In this walk through you will further your knowledge of composition elements with the use of the ParallelElement to display two MediaElement instances at the same time. A key area of focus when displaying multiple element at the same time is layout. Utilizing the versatile OSMF LayoutContainer and appropriate meta-data this task becomes easily manageable. The goal of this exercise is to play 2 media items generally in sync, and evenly displayed within the constraints of the LayoutContainer no matter what its size.
The purpose of this walkthrough is to get a solid understanding of real-world applications of composition based media elements, and how to display them via the layout features of the OSMF. This walkthrough builds on-top of the previous examples and your knowledge of SerialElement and ParallelElement, as well as basic layout meta-data.
This walkthrough illustrates how to dynamically load at runtime static (class-based) plug-ins that are compiled into the application. The plug-in is the Akamai Basic Streaming Plug-in, which is meant to help facilitate connections and streaming off the Akamai network.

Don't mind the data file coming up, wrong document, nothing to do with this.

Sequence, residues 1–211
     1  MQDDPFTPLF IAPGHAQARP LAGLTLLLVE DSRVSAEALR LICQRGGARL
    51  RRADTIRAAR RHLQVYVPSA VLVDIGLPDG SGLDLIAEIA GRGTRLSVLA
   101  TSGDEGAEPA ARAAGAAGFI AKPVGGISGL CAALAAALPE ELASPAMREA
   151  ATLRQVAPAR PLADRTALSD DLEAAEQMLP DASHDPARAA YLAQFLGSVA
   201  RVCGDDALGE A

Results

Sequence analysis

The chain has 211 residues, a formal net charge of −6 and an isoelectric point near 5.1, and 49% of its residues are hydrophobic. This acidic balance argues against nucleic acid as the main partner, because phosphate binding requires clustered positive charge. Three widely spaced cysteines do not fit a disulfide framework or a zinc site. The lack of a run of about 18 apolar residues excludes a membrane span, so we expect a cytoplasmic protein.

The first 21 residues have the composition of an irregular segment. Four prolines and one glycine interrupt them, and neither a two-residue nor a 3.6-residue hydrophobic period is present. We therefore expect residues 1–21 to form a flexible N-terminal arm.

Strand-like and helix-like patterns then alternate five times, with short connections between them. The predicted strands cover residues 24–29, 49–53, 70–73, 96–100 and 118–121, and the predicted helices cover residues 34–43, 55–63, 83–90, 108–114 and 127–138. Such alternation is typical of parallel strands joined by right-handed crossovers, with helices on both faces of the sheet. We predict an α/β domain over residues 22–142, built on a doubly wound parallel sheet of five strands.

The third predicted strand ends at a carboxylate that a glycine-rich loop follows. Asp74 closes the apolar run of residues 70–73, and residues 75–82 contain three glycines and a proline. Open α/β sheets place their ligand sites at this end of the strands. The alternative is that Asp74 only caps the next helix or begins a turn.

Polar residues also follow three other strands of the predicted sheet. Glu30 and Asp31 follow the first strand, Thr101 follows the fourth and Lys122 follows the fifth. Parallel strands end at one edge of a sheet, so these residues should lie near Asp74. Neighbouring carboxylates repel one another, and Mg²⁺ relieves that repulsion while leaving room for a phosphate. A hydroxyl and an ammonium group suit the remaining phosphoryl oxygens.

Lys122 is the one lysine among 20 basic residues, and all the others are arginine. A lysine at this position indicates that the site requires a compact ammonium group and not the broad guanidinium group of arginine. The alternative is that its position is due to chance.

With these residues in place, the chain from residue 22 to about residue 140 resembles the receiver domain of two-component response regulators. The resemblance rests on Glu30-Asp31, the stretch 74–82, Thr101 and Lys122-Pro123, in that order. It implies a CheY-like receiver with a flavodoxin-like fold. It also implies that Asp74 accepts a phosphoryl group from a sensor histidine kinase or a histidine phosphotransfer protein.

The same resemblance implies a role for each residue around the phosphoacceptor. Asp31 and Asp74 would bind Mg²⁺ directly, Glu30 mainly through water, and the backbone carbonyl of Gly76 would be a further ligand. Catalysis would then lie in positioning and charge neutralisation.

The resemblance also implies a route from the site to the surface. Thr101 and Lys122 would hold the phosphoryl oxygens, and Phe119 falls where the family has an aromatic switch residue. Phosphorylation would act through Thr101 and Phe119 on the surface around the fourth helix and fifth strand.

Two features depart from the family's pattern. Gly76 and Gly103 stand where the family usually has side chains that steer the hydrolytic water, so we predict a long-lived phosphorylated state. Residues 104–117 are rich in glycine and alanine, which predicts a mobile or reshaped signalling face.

This walkthrough will demonstrate how to load in dynamic plug-ins, which are plug-ins that are loaded at runtime in the form of a SWF. The walkthrough will illustrate some of the more difficult aspects of working with dynamic plug-ins, such as the need to test on a web server so that the plug-ins can be loaded appropriately.
This walkthrough provides some critical knowledge and steps for creating custom plug-ins. This walkthrough covers creating and implementing a custom, static plug-in that will apply a watermark, or bug, as a parallel element to all media being displayed and managed via the OSMF player.
This walk through shows how to use the MAST advertising plugin to manage ad insertion as per-roll or post-roll content. The key aspects of this walk through is the simplicity of integration and the control which can be achieved by using the industry standard MAST (or VAST) data format with external XML driven content and linking that data with OSMF and meta-data. .
The OSMF_ReleaseSamples.zip file can be used in a number of ways. It can be loaded into FlashBuilder as an existing archive file, or just unzipped and the folders accessed directly for use with Flash Professional. The zip archive contains 3 folders or projects.
To load the projects into FlashBuilder click File > Import > Other. Branch open the General folder in the Import dialog window and select: Existing Projects into Workspace. Change the radio button selection at the top of the dialog to 'Select archive file:'. Browse and select the zip file downloaded, and check the projects you wish to import, and click Finish.
NOTE: If you are using FlashBuilder and don't import the OSMF project in the SWF you may need to go to the properties of the other projects and remove the reference to the OSMF project from the ActionScript Build Path dialog window.